More than 2,000 years ago, the Maya built a complex water filtration system out of materials collected miles away. Now, reports Michelle Starr for Science Alert, researchers conducting excavations at the ancient city of Tikal in northern Guatemala have discovered traces of this millennia-old engineering marvel.
As detailed in the journal Scientific Reports, the study’s authors found that the Maya built the Corriental reservoir filtration system as early as 2,185 years ago, not long after settlement of Tikal began around 300 B.C.
The system—which relied on crystalline quartz and zeolite, a compound of silicon and aluminum, to create what the researchers call a “molecular sieve” capable of removing harmful microbes, heavy metals and other pollutants—remained in use until the city’s abandonment around 1100. Today, the same minerals are used in modern water filtration systems.
“What’s interesting is this system would still be effective today and the Maya discovered it more than 2,000 years ago,” says lead author Kenneth Barnett Tankersley, an archaeologist at the University of Cincinnati, in a statement.
According to Science Alert, archaeologists previously thought that the first use of zeolite for water filtration dated to the early 20th century. Researchers have documented other types of water systems—including ones centered on sand, gravel, plants and cloth—used in Egypt, Greece and South Asia as early as the 15th century B.C.
“A lot of people look at Native Americans in the Western Hemisphere as not having the same engineering or technological muscle of places like Greece, Rome, India or China,” says Tankersley. “But when it comes to water management, the Maya were millennia ahead.”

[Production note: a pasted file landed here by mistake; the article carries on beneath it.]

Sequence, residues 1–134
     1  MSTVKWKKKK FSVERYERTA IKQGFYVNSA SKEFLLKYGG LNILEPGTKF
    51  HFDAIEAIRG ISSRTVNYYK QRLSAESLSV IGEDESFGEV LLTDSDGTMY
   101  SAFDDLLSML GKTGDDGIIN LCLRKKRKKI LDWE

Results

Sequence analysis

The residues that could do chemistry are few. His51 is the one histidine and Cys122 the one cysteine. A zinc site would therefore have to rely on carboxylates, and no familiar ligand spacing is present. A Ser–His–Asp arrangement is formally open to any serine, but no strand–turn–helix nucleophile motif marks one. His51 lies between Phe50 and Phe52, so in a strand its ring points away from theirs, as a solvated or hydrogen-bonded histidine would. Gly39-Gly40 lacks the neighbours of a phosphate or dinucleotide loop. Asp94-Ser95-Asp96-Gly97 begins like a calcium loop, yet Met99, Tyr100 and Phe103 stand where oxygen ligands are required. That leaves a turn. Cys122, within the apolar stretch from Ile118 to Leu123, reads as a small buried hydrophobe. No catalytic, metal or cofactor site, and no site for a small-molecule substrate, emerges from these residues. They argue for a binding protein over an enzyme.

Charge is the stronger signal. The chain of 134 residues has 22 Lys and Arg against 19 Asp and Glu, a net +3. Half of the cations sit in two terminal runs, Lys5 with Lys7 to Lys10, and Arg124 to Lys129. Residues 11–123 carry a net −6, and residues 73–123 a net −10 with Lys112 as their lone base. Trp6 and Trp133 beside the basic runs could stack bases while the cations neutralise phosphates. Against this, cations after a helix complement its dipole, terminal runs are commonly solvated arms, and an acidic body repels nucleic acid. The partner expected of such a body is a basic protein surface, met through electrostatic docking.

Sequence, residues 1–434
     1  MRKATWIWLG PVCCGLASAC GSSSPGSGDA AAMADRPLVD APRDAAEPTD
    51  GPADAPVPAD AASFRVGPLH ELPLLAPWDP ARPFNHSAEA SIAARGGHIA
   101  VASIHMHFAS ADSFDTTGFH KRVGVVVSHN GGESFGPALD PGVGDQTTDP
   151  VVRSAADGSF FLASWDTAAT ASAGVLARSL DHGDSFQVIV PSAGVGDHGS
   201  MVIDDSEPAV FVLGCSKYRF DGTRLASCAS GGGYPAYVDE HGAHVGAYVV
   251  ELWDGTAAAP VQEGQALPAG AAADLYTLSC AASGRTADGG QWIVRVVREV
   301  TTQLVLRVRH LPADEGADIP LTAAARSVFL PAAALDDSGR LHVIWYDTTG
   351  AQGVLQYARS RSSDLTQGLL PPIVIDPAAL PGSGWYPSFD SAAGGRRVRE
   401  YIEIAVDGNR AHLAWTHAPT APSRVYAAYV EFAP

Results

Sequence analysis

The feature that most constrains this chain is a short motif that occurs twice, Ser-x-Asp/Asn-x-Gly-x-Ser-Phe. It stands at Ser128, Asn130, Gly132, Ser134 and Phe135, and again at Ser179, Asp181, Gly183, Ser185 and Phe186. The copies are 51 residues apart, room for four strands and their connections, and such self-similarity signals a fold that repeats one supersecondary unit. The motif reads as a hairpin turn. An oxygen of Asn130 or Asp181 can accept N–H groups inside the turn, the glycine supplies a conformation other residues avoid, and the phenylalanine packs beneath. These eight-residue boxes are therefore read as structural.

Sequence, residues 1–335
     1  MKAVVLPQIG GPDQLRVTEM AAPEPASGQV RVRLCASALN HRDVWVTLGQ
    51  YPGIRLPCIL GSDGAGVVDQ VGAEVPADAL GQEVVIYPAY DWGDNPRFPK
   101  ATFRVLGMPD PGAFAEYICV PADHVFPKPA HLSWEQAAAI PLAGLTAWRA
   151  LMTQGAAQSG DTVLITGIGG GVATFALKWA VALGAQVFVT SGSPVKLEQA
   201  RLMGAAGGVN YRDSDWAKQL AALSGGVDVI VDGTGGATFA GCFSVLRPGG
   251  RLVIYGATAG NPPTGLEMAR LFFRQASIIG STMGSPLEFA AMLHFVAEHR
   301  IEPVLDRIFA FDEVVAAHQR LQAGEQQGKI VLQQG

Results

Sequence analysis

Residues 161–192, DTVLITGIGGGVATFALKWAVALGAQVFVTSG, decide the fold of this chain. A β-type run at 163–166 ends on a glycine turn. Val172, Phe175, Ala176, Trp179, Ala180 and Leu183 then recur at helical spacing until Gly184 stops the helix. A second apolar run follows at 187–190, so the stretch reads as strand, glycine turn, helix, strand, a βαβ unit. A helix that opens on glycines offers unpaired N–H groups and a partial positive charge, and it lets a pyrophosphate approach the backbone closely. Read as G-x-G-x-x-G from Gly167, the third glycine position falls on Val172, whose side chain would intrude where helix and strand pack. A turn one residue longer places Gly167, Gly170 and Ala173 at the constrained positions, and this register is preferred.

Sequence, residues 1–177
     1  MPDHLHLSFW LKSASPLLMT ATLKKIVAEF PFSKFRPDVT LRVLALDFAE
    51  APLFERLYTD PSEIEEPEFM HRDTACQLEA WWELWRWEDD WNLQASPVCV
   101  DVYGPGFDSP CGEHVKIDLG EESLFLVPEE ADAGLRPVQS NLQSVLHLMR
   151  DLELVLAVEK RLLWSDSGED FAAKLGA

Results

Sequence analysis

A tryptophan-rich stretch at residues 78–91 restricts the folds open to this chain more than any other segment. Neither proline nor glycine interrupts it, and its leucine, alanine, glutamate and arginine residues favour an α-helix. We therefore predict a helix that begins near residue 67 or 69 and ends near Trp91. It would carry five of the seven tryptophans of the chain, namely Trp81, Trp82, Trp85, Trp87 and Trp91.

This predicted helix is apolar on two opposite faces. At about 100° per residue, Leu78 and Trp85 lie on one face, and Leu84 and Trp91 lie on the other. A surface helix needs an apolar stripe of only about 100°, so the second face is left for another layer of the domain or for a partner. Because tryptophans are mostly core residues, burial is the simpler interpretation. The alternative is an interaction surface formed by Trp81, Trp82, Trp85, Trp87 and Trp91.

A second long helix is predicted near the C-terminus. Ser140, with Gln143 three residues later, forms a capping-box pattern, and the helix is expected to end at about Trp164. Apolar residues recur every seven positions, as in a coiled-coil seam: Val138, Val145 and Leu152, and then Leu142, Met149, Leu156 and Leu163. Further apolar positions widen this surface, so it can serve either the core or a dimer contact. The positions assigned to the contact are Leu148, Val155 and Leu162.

Per the statement, water quality would have been a major concern for the ancient Maya, as Tikal and other cities across the empire were built on porous limestone that left little water available during seasonal droughts. Without a purification system, drinking from the Corriental reservoir would have made people sick due to the presence of cyanobacteria and similarly toxic substances.
Members of the research team previously found that other reservoirs in the area were polluted with mercury, possibly from pigment the Maya used on walls and in burials. As Kiona N. Smith reported for Ars Technica in June, drinking and cooking water for Tikal’s elite appear to have come from two sources that contained high levels of mercury: the Palace and Temple Reservoirs. Comparatively, the new research shows that Corriental was free of contamination.
The researchers write that the Maya probably found the quartz and zeolite about 18 miles northeast of the city, around the Bajo de Azúcar, where the materials naturally purified the water.
“It was probably through very clever empirical observation that the ancient Maya saw this particular material was associated with clean water and made some effort to carry it back,” says co-author Nicholas P. Dunning, a geographer at the University of Cincinnati, in the statement. “They